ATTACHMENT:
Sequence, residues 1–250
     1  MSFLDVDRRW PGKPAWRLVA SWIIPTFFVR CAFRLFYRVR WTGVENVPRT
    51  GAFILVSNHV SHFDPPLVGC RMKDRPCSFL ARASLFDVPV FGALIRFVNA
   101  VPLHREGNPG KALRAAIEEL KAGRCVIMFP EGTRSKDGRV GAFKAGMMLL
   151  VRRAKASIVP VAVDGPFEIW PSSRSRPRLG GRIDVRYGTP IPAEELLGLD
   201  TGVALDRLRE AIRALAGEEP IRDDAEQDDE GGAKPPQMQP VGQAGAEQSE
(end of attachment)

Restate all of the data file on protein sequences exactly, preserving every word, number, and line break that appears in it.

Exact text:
Sequence, residues 1–250
     1  MSFLDVDRRW PGKPAWRLVA SWIIPTFFVR CAFRLFYRVR WTGVENVPRT
    51  GAFILVSNHV SHFDPPLVGC RMKDRPCSFL ARASLFDVPV FGALIRFVNA
   101  VPLHREGNPG KALRAAIEEL KAGRCVIMFP EGTRSKDGRV GAFKAGMMLL
   151  VRRAKASIVP VAVDGPFEIW PSSRSRPRLG GRIDVRYGTP IPAEELLGLD
   201  TGVALDRLRE AIRALAGEEP IRDDAEQDDE GGAKPPQMQP VGQAGAEQSE